With A Colorful Transformation, This Cherished Home Is Ready For New Family Memories

Designer Allison Allen helps one family make a home their own.

Anna Robinson grew up just five doors down from her grandparents’ 1960s Georgian-style brick house, where childhood holidays were spent drinking sparkling cider from Waterford crystal or splashing in the front yard’s creek with her 14 cousins. Even so, she never imagined that the place where her father and his four siblings grew up would one day be where she’d raise her own children. “It was such a beautiful home, but I didn’t think it would ever be within reach,” says Robinson. However, after her grandmother passed away in 2019, she and her husband decided to take the plunge and bought the property from her father. The beloved house came with plenty of good features: classically scaled rooms, a rolling backyard bursting with azaleas , and her grandparents’ entire collection of antiques. But not everything was a keeper—it had a dark library, a cramped kitchen, and tired upholstery. So the couple brought on Atlanta designer Allison Allen , Robinson’s childhood friend, to revamp the house and create an easygoing haven that feels just right for the young family of four. Here’s how Allen pulled off a floor-to-ceiling transformation that honors the past and colorfully caters to the present.

Alison Allen Atlanta House Front

Brian Woodcock; Styling: Page Mullins

Allison Allen Atlanta Home

Brian Woodcock; Styling: Page Mullins

Focus on the Finish

Allen opted for a dramatic entry, covering the walls in Benjamin Moore’s Clinton Brown (HC-67). The secret to making the hue feel playful? A high-gloss finish, which summons light rather than smothering it. The look is formal but practical. “It’s so durable for cleaning off fingerprints,” says the designer. “You can just walk up the stairs and wipe the walls down, which is nice.” She floated a cobalt blue bell jar lantern from Meg Braff Designs overhead—a modern take on a fixture that Robinson’s grandmother once hung there.

Aim for Simplicity

The footprint of the kitchen was reworked to address the family’s needs. Allen ditched the original mustard wallpaper in favor of all-white everything, except for a few choice pops of blue in the pendants (by Mark D. Sikes for Hudson Valley Lighting ), the striped stool cushions, and the island. “I think kitchens should feel very clean,” she says. “I don’t like to have a lot going on.” The deep farmhouse sink tucked below the windows is both practical and pretty. “You can do just about anything in a big sink! Set flower arrangements in there, or bathe your dog,” suggests the designer.

Allison Allen Atlanta Home Dining Room

Brian Woodcock; Styling: Page Mullins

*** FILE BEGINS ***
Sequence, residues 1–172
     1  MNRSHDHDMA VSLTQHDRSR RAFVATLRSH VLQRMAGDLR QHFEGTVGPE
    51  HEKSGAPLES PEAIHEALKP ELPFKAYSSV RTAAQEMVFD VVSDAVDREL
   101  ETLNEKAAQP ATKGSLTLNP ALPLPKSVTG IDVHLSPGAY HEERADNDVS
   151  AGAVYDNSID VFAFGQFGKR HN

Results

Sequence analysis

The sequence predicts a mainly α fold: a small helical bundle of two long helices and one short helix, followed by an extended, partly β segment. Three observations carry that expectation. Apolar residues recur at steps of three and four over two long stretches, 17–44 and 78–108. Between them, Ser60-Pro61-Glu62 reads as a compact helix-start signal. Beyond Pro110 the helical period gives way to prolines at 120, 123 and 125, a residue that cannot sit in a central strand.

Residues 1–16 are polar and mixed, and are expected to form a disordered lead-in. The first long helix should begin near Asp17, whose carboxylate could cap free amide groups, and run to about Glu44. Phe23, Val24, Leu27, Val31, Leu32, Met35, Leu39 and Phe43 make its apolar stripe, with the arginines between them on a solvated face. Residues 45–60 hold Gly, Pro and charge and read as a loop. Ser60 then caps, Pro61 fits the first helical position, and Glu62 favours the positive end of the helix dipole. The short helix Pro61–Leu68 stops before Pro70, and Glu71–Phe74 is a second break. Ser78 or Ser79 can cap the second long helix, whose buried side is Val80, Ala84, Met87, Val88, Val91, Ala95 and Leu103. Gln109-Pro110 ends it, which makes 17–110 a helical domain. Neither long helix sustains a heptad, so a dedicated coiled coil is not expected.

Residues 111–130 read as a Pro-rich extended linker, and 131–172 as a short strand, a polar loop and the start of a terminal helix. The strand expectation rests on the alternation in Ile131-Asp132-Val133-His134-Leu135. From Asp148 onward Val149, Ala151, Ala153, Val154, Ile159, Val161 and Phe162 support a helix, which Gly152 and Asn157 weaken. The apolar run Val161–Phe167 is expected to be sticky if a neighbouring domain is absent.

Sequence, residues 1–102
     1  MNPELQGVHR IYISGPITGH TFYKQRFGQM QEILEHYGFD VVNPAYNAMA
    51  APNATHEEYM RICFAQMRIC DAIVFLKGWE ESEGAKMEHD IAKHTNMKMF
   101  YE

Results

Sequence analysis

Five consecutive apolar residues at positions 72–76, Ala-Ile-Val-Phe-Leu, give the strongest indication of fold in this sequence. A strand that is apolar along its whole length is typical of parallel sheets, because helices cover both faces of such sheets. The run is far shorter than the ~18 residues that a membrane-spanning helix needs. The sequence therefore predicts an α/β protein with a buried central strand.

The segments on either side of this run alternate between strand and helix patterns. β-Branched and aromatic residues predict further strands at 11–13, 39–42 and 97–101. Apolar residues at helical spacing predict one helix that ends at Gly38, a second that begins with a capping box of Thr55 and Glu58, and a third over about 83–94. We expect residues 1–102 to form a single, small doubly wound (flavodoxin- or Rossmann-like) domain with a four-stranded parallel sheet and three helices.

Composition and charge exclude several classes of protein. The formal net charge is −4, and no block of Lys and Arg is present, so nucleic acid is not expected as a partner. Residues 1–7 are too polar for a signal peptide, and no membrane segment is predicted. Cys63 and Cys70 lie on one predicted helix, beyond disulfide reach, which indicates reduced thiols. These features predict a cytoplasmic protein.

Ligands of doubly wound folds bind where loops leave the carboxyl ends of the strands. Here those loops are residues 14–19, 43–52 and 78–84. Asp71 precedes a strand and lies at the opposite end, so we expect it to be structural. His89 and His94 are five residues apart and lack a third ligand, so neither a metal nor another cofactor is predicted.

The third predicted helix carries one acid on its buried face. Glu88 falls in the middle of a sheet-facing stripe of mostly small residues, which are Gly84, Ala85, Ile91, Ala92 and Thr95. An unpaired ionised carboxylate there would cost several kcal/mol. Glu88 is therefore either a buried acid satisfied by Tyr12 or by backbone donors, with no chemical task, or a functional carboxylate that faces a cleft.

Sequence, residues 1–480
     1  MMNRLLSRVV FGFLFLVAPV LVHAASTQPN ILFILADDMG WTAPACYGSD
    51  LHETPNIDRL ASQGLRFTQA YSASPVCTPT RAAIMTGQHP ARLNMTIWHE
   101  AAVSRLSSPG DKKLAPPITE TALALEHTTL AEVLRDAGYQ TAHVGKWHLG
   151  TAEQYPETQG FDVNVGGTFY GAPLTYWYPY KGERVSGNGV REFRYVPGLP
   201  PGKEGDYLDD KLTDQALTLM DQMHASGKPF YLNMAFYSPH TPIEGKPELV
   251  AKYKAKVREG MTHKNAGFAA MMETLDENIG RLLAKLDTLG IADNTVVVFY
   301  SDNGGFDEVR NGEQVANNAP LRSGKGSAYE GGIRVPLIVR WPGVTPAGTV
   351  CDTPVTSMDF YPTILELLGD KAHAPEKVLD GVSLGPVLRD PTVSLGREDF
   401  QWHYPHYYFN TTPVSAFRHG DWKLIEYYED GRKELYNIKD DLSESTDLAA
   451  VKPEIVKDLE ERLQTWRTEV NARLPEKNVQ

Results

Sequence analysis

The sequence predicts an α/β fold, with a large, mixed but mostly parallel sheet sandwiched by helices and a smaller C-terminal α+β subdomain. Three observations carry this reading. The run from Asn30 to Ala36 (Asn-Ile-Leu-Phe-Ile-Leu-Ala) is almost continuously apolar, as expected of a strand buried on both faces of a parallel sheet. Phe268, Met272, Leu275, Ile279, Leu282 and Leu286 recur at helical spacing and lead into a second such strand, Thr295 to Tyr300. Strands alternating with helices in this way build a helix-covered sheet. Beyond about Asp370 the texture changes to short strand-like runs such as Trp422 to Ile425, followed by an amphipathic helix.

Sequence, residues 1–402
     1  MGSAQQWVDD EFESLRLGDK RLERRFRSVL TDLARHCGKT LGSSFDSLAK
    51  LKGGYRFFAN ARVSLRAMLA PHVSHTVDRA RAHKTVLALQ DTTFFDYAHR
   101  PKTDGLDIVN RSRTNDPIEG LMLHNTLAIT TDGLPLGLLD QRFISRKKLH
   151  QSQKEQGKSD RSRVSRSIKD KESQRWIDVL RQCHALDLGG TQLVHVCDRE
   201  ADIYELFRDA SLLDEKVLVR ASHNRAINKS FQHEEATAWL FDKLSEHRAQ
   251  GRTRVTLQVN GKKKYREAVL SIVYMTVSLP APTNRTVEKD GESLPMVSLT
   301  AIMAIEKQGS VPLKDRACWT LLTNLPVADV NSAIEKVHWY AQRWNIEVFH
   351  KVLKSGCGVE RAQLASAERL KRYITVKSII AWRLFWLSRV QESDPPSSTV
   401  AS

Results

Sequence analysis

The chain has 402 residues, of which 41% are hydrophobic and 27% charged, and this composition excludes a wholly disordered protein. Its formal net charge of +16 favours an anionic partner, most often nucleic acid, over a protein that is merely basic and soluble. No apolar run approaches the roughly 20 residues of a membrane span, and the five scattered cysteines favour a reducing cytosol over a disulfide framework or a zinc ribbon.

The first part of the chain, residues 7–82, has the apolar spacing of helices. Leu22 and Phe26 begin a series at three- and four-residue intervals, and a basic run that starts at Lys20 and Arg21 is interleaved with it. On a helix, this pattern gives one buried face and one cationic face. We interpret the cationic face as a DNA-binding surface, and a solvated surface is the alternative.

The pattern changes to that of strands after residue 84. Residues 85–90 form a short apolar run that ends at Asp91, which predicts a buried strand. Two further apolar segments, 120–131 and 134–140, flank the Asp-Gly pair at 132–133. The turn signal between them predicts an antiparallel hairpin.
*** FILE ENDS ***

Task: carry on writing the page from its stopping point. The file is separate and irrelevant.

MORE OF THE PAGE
Don’t Mess With the Good Stuff

In the dining room, Allen left the table, the sideboard, and the crystal chandelier as they were. “I don’t think I would paint an antique dining table,” she says. “An English mahogany pedestal one is very classic and grounds a room.” Including traditional pieces gave the designer the freedom to embrace a riot of color elsewhere in the space. She cloaked the walls in an aqua pattern (Brunschwig & Fils’ Bird and Thistle), set the sideboard with a pair of chartreuse lamps, and wrapped the seat cushions in green faux leather that’s easy to clean.

Allison Allen Atlanta Home Living Room

Brian Woodcock; Styling: Page Mullins

Make Existing Pieces Work

Because the house was already full of furniture, the designer didn’t have to start from scratch. “Allison really helped me go through and decide what we should keep and make mine,” says the homeowner. “There are so many of my grandmother’s things that we painted and reupholstered.” In the living room, for instance, Allen re-covered the traditional sofa in a white stripe and wrapped a couple of ottomans in a cheeky animal print. New pieces—like the pair of skirted love seats and wicker urns from Mainly Baskets Home — provide a welcome layer of youthfulness. “It’s such a unique blend that reflects my family and me now,” says Robinson.

Allison Allen Atlanta Home Bar

Brian Woodcock; Styling: Page Mullins

Stock the Bar

The wet bar was a new addition to the house. Allen made the passthrough space a spot to gab over cocktails with fun touches such as Sanderson’s Ishi wallpaper and painted the cabinets in Benjamin Moore’s Buckingham Gardens (545) to mirror the lime green accents in the nearby dining room.

Alison Allen Atlanta Home Sunroom

Brian Woodcock; Styling: Page Mullins

Channel Old-School Style

Allen relied on throwback elements, like treillage, to ramp up the nostalgia in the sunroom. When a local craftsperson’s quote for creating this look proved to be too expensive, Robinson’s husband installed The Home Depot ’s ready-made lattice with help from a friend. Allen reupholstered pieces she found in the attic in an indoor-outdoor buffalo check and hung an oversize paper lantern. “The kids can wipe their cookie-covered hands on the furniture without staining it, but I can also have my friends over for a drink,” says Robinson.

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